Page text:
Rajasthan govt likely to pass law to protect gig workers’ rights

In a first for the nation, senior officials familiar with the plans said on Tuesday that the Rajasthan government is likely to propose a law during the state assembly’s budget session in January of next year to protect the rights of gig workers and make them eligible for various state welfare programmes.

Those who engage in any income-generating activity as independent contractors or on a temporary basis are referred to as gig workers. The majority of these individuals are employed by app-based companies, primarily Ola, Uber, Swiggy, and Zomato.

Data from the National Institution for Transforming India (Niti) Aayog indicates that as of June 2022, there were approximately 7.7 million gig workers, and that figure is expected to triple by 2029–2030. According to the sources mentioned above, the Rajasthan government predicts that there are between 225,000 and 270,000 gig workers operating only within the state, of whom 50,000 work for Ola and 35,000 for Uber.

One of the representatives said that in order to understand the advantages and difficulties faced by gig workers, the state government conducted a sample survey in June. The majority of workers reported that their occupations gave them freedom, enabled them to select the kind of work they preferred, and allowed them strike a balance between work and home life.

“However, the workers said that unlike regular jobs, they do not have any job security and facilities like health insurance. Moreover, they are not covered under labour laws and therefore, do not get institutional protection against exploitation. Their biggest concern was that there is no alternative source of income if they lose their job,” the official said, wishing not to be named.

The survey found that more than 50% of the gig workers did not have any kind of health insurance and about 40% were not covered under the state government’s accidental insurance. Most workers were from Rajasthan and some were from Uttar Pradesh, Bihar, West Bengal and Madhya Pradesh, the official said.

Taking into consideration the findings of the survey, the Rajasthan government is planning to launch a portal where gig workers can register themselves to avail government benefits, the official added.

“The state may start a dedicated portal for the registration of gig workers in Rajasthan, which would act as a basis for providing social security measures to them. Further, the state government may collaborate with the companies of gig workers to provide the social security benefits on scale” a second official said, also wishing not to be named.

The second official said the state government wants to cover all gig workers, who are residentsof Rajasthan, under the state government’s Chiranjeevi health scheme that provides for annual health insurance worth ₹10 lakh for free. He added that workers in the state would also get protection, such as right to file complaint with labour department, under the labour laws, similar to the one given to contractual employees.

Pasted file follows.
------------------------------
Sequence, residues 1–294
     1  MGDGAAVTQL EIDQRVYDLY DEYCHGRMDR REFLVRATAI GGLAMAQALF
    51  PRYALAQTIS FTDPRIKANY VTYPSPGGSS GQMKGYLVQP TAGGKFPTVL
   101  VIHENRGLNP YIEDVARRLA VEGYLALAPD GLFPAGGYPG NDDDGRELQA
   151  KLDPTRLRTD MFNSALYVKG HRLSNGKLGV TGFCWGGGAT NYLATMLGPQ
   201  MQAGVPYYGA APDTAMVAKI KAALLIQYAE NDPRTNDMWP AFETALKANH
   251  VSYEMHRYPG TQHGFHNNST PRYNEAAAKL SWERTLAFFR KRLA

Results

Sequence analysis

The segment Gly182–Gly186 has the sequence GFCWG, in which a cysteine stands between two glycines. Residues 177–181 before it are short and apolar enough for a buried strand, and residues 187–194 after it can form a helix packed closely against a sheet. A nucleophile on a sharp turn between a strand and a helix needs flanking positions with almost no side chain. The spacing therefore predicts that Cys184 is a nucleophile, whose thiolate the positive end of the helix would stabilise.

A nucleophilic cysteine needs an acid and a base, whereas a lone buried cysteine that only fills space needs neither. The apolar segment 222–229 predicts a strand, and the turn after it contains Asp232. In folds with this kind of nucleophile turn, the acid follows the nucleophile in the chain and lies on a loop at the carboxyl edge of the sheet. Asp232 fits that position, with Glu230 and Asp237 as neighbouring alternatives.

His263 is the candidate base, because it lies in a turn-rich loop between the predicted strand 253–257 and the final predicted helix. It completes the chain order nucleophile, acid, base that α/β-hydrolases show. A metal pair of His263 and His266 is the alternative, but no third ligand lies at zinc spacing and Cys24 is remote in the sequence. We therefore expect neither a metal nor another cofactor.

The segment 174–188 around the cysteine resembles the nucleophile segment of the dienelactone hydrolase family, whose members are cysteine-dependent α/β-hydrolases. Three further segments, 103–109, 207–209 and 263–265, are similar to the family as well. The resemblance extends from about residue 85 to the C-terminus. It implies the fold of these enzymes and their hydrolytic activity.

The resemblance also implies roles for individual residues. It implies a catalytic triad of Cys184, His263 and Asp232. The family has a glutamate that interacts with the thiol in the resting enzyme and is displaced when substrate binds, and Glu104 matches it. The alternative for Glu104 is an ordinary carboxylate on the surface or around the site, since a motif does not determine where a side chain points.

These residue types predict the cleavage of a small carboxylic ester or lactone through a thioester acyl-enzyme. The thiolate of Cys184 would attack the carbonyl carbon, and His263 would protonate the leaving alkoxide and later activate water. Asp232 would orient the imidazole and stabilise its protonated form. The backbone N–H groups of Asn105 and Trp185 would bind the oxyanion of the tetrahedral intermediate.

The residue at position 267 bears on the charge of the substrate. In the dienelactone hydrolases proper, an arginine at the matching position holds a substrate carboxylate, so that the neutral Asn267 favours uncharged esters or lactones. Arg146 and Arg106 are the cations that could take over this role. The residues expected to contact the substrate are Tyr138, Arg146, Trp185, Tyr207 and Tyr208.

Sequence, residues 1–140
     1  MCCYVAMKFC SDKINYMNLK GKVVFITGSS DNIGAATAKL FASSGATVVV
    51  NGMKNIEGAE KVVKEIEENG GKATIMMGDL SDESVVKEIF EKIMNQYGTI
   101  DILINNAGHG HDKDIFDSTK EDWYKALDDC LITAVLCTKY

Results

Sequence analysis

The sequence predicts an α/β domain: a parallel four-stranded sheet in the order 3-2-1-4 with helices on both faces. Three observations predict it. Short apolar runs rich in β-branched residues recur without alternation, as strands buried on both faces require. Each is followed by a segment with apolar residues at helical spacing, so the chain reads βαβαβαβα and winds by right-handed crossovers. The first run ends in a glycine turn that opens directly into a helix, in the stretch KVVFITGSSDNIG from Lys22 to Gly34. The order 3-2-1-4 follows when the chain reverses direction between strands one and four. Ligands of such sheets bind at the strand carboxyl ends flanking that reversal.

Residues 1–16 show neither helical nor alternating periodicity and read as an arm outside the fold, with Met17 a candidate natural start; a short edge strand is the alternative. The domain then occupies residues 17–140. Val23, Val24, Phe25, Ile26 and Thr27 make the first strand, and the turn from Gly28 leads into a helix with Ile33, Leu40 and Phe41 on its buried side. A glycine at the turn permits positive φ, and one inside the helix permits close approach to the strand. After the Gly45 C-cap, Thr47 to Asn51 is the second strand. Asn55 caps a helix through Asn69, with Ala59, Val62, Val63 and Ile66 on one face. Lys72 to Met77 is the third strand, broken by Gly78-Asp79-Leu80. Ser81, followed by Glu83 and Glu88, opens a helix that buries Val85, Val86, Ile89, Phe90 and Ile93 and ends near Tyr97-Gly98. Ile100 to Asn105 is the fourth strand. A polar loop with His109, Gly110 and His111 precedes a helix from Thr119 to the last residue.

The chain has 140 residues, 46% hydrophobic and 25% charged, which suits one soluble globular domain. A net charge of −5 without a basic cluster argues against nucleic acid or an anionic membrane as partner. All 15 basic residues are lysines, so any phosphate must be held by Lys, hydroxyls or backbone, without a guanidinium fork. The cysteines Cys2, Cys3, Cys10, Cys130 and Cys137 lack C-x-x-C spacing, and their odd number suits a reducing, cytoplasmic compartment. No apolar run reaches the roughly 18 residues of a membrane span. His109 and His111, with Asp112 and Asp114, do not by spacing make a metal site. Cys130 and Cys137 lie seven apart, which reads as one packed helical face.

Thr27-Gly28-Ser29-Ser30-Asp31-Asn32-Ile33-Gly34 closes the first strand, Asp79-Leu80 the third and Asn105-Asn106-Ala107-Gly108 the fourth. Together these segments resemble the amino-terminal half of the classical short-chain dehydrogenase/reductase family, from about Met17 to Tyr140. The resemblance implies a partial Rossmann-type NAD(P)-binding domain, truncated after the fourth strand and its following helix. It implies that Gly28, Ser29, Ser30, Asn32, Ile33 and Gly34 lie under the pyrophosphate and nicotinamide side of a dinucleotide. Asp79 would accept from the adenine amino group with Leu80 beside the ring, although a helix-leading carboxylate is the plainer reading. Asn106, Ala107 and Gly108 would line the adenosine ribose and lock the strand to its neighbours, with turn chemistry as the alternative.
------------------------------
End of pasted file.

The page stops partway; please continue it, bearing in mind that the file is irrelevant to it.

Through the proposed law, the government aims to define gig workers, their minimum wages and their rights, the first official said.

“There will be clarity on the legal provisions once the draft of the proposed law is final. We will be talking to their employers before finalising the draft of the law to ensure that it does not impact the gig economy of the state,” the official said.

The official said they will also see whether they can direct companies to provide the gig workers with health and accidental health insurance covers as done for regular employees.

“To us, there is not much difference between a gig worker and a contractual employee when it comes to work as both have to sign a contract with the employer,” the official said, adding that gig workers can be covered under the Occupational Safety and Health Risks guidelines of the government which provides for basic health facilities at the workplace.

He said, “Jaipur-based Uber driver, Vikas (40) hailed the government’s efforts to provide them with legal protection. “Earlier, companies used to charge 5% on every ride but now, they have increased their share to 25% and we cannot do anything. I hope the proposed law will address such issues too”.

Vikas said that since 2020, the number of drivers associated with Ola and Uber in Jaipur have doubled in the wake of rising unemployment. With so many app-based cabs available, he said, achieving an incentive target of minimum 100 rides a week is almost getting impossible. “Even after working for extra hours, I am earning less than what I earned before the Covid-19 pandemic,” he said.

Rahul Gandhi, a Congressman, spoke about the difficulties gig workers experience at the Bharat Jodo Yatra last week in Rajasthan, and chief minister Ashok Gehlot promised to give them legal identification during the budget session.

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